Last week took four different pokes for blood labs and IV chemo. Forrest sits stoic and grim-faced, beads of sweat on his brow. They talk about which vein, and he counts the nurse down from three each time.
In two weeks, he’ll go back on his monthly high dose steroid pulse. The side effects of this make chemo look easy.
Forrest is a resilient little warrior with a very optimistic prognosis. But his type of T-Cell ALL requires three and a half years of ongoing daily treatment. With this same diagnosis in the 1960s, Forrest would have survived three months. Now, his form of ALL has an 85 percent success rate.
But ridding Forrest’s body of this cancer will require nearly half of his life to date and most likely eliminate any memory he has of life before it. There is a sobering maturity in Forrest’s eyes that belies the one little hand of fingers he proudly shows when asked his age.
Last year was a hell I wouldn’t wish on anyone. This year is thankfully different; we can breathe again, and some days even pretend, but “normal” is a fuzzy, taunting mirage.
A diagnosis like pediatric cancer doesn’t stop at the little body it has attacked. And the toxic antidote it requires can too easily infuse its poison elsewhere: marriage, finances, dreams and plans, and even our beautiful 3-year-old daughter whose childhood will also be forever marked.
The inevitable reminder of those facts always feels like a strong sucker punch; the energy and stamina required is daunting… but the alternative is never far from our minds either. We remember the beginning of the story, we remember the miracles, and we remember the grace that pours out to face each day.
Though the devil would like us to doubt it, we have never been in this battle alone. Not for one single day. We are grateful and determined not just to survive this season, but instead, to thrive because of it.
“When I turned around, the kids had built a fort out of my photography gear,” said Beth Price, photographer. “It was amazing to capture Forrest’s happiness just being a normal kid!”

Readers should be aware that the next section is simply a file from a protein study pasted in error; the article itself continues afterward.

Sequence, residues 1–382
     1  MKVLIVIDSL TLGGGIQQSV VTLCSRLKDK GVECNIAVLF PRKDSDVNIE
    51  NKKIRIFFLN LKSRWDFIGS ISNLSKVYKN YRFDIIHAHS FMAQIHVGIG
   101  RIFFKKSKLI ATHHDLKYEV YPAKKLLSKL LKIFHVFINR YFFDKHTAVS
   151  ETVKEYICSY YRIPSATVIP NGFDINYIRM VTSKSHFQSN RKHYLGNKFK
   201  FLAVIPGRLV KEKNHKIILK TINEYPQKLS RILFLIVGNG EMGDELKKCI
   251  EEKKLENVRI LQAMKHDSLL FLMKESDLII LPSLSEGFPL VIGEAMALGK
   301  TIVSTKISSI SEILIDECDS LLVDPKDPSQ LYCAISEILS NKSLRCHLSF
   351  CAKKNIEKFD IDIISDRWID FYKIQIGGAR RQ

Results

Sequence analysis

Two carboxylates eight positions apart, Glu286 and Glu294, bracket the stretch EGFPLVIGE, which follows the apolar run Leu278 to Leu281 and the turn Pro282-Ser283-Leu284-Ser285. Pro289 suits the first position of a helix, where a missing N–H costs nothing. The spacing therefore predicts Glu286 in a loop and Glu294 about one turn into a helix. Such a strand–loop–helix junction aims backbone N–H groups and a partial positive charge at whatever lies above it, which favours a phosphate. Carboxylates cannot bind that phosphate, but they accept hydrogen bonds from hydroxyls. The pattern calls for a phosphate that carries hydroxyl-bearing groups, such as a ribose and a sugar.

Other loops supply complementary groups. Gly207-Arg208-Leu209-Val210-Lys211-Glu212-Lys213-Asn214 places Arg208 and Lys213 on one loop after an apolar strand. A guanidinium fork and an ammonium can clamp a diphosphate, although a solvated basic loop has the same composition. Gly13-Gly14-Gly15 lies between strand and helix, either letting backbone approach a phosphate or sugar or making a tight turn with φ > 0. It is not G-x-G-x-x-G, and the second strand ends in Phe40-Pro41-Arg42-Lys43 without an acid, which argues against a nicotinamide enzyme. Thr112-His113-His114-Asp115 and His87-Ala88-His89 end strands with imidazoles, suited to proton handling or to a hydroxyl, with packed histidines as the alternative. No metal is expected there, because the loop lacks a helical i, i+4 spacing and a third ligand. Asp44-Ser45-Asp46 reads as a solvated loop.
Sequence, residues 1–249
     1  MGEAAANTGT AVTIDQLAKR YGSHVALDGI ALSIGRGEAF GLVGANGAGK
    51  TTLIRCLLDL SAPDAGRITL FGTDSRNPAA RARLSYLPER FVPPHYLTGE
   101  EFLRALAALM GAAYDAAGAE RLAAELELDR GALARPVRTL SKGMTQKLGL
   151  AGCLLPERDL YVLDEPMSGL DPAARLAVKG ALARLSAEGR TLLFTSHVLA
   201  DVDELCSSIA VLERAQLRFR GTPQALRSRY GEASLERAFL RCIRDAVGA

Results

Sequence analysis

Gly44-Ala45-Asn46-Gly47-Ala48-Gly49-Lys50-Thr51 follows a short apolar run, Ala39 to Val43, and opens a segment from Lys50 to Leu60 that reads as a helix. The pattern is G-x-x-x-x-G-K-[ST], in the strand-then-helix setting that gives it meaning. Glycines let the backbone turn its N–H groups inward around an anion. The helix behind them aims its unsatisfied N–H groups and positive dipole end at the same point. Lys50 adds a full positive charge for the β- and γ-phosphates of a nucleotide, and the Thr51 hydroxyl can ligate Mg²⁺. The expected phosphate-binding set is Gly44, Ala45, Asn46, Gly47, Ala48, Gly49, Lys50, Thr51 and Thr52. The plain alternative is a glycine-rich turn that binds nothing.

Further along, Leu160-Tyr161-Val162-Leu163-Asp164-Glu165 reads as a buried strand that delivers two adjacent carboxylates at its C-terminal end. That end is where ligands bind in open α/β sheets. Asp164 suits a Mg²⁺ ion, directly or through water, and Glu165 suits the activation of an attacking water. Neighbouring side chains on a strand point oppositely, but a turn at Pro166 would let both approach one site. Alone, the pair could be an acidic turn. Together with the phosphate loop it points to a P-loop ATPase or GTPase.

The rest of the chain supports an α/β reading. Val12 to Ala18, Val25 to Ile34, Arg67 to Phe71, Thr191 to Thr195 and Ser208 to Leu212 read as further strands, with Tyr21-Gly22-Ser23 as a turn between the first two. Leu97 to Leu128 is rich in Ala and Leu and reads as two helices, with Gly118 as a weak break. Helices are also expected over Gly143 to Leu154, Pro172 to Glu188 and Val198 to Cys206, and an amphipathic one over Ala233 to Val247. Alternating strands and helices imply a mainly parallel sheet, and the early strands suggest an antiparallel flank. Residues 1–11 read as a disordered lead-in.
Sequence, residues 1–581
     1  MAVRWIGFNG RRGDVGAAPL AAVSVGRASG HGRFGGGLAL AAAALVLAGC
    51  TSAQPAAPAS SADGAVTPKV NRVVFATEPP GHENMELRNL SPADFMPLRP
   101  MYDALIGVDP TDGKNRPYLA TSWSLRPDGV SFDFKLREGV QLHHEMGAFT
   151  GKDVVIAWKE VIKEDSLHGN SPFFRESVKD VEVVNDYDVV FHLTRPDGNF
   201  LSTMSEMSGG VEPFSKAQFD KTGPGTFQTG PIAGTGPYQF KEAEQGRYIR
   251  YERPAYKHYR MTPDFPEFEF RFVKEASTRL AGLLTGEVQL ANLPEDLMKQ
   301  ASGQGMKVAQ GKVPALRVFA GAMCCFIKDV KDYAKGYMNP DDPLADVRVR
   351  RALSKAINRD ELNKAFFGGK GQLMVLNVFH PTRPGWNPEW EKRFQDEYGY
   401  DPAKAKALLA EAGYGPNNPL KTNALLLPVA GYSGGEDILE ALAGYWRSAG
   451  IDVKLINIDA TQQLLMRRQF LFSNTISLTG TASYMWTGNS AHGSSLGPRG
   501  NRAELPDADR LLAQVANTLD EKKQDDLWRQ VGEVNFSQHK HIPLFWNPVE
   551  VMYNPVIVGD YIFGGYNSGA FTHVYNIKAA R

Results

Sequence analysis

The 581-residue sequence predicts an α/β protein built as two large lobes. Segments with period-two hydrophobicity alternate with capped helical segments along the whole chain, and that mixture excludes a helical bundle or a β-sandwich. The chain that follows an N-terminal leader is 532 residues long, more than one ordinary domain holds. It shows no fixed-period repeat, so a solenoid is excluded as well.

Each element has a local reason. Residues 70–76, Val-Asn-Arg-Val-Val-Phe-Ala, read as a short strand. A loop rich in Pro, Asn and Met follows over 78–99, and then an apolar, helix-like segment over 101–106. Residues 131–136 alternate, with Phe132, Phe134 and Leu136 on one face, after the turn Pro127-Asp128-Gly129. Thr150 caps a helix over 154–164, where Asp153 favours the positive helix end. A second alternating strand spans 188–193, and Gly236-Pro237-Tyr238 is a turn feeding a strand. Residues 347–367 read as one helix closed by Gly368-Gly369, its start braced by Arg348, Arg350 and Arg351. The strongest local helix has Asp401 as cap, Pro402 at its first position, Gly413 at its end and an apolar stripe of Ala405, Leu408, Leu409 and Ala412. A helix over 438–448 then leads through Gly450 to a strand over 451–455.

Earlier this year, Forrest became Michigan’s 10,000th “wish kid.” His wish journey and the Make A Wish team is just one example of a critical support team that makes such a life-giving difference on a journey like this. Forrest’s adamant wish—to be a chef—came true as Make A Wish MI created a five-day culinary experience for him with some of Grand Rapids’ best and brightest chefs.
Forrest has had cooking adventures all over the state as more chefs have heard his story and invited him into their kitchens, and he’s been able to inspire more wishes for more kids with critical illnesses. As is true for every pediatric patient, cancer has stolen a part of Forrest’s childhood, but his Wish Journey, and everyone who has come alongside us, has helped to bring it back.
We never would have survived this journey without an army welling up to stand alongside us every step of the way. We are so thankful for that. We aren’t guaranteed tomorrow. No one is, and we feel that acutely. So, we take on today, choosing joy and gratitude, intentionally and knowingly. And as each morning comes, there are new mercies indeed.
Nicole White moved to Leelanau County three years ago with her husband, Bo, and kids, Forrest, 5, and Finley, 3, after living abroad and all over the country as active duty military. Nicole is a writer and a small-business owner with a nomad soul and a passion for connecting people through stories of the heart. And she is now a cancer mom who is continually learning to find beauty in the brokenness. You can find her @my nomads_and_me on Instagram or email her at firstname.lastname@example.org.
This is our cover story for the NovDec19 Holiday Issue. To see the full issue go to: https://www.grandtraversewoman.com/nov-dec-2019-issue/